the day had become brighter. She sipped from her cup then smiled at Luke. “This is very good.” Her face warmed. Not a

very exciting topic of conversation.

Luke raised his cup to his mouth and swallowed. “Yes, it is.” He glanced around the room. “Would you save a dance for me, Miss Morris?”

Words first stuck in Dove’s throat and then came forth in a squeak. “Yes, I will.” Her face grew even warmer. She would like nothing more than to be whirling across the dance floor with Luke’s arms about her, and he would probably be her only partner except for Martin, who had asked earlier.

At that moment the young man in question stepped up. “Don’t forget you promised me a dance today, Miss Morris.”

“Of course I won’t forget.” Two young men seeking her companionship today was twice as many as she had even imagined. Because of her Cherokee heritage, she never expected young men to take much notice of her or spend time with her. Today would be a more lovely day than she had believed it would be.

Martin glanced at Luke. “Miss Morris, if you’ll excuse us, I must speak to Luke alone.”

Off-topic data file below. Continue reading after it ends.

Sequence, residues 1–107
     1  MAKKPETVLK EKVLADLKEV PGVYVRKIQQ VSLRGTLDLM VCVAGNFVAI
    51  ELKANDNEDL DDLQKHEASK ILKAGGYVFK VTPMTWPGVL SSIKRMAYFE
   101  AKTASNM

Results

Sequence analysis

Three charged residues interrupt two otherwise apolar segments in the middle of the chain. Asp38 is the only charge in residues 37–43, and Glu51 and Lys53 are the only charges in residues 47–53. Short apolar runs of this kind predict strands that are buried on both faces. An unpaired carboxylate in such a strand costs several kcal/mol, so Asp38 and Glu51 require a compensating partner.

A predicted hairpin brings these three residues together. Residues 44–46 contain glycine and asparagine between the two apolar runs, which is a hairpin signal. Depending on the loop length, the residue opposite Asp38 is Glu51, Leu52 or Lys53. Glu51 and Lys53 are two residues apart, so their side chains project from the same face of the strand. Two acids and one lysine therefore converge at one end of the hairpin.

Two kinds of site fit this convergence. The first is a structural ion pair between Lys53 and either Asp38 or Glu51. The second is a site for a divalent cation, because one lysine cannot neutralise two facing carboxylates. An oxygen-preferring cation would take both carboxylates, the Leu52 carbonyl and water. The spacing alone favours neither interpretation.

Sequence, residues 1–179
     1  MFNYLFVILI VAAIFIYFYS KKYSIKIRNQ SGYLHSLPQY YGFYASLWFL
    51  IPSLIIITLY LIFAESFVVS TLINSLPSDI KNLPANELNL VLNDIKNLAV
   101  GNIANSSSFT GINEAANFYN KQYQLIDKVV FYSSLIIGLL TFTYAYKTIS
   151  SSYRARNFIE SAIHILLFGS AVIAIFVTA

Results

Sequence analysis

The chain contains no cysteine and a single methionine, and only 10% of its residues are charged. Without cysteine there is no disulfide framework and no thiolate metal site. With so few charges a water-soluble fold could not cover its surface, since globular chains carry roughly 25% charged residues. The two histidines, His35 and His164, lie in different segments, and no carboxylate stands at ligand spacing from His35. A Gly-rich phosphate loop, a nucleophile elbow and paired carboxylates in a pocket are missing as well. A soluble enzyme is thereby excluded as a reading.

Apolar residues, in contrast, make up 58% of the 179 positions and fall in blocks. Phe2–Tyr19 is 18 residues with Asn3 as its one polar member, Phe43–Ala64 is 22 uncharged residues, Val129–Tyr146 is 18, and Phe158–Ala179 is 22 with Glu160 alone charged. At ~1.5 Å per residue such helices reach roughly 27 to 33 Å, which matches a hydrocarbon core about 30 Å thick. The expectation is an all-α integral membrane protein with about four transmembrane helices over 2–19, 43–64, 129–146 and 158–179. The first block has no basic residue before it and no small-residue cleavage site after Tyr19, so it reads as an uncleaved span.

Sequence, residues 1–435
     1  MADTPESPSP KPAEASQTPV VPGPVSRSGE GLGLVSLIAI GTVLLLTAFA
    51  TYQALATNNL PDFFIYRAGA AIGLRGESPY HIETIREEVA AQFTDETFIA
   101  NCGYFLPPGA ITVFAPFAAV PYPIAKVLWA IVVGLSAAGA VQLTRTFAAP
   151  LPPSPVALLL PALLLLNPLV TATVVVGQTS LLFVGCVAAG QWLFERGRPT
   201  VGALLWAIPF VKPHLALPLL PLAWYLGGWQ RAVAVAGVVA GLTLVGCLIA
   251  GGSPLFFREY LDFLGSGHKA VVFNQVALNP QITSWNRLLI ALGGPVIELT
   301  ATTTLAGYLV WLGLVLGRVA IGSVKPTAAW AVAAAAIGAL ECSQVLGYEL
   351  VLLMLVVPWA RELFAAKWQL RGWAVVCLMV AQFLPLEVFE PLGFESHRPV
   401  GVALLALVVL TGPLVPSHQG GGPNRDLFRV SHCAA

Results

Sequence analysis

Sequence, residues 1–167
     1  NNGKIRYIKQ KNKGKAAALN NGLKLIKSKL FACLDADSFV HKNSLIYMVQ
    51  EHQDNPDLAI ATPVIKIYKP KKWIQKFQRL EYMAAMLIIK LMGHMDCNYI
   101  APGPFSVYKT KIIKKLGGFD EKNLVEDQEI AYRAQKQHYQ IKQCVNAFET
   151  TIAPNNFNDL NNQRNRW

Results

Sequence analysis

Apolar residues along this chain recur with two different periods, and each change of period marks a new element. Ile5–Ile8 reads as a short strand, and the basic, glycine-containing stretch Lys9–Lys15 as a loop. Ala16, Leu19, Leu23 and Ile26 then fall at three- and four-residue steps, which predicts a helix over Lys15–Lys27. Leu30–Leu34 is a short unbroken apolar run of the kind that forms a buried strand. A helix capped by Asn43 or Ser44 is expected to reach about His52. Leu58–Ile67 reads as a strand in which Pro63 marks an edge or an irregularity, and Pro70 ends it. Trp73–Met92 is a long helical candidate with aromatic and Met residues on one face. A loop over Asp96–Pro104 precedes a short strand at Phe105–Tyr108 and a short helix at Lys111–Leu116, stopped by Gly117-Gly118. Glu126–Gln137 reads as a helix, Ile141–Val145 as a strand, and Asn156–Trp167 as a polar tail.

Dove nodded as the two young men made their way across the room. With both being so tall, she had no trouble seeing them as they stopped by the door. Once their gaze turned

toward her, and she averted her eyes. Her cheeks once again burned at the thought they could be discussing her. Luke was the one she wanted by her side, and she prayed he wouldn’t back out of his request.

An arm slipped around Dove’s shoulders. Turning to find Clara Haynes beside her, she beamed at the elderly lady everyone called Aunt Clara. “Oh, didn’t Lucy look lovely?”

“She certainly did, and Mellie and Mrs. Weems did a wonderful job with the dress, but you look just as beautiful.”

The compliment unnerved her because no one but Ma or Pa had ever called her beautiful before. “Thank you.” Her hand trembled, and she had to set her punch cup down. “It’s been a wonderful day for a wedding, and so many are here to honor Lucy and Jake.” Anything to change the topic.

The ploy didn’t work with Aunt Clara, who leaned close and whispered, “Next thing is to find a suitable young man for you, and that may be sooner than we think.”

Dove blinked. The elderly woman meant well, but no young man in town wanted to court a half-breed girl. Men like her father were few and far between. With his prominence and

wealth, he had paid no attention to what others thought when he chose his Cherokee bride. He’d said more than once that a man should be judged on his treatment of others, his honesty, and his reliability, not on his race or skin color. If only Luke could see her that way.

Aunt Clara squeezed Dove’s arm then patted it. “I believe it’s time to get some life into this party.” She headed toward the newly married couple.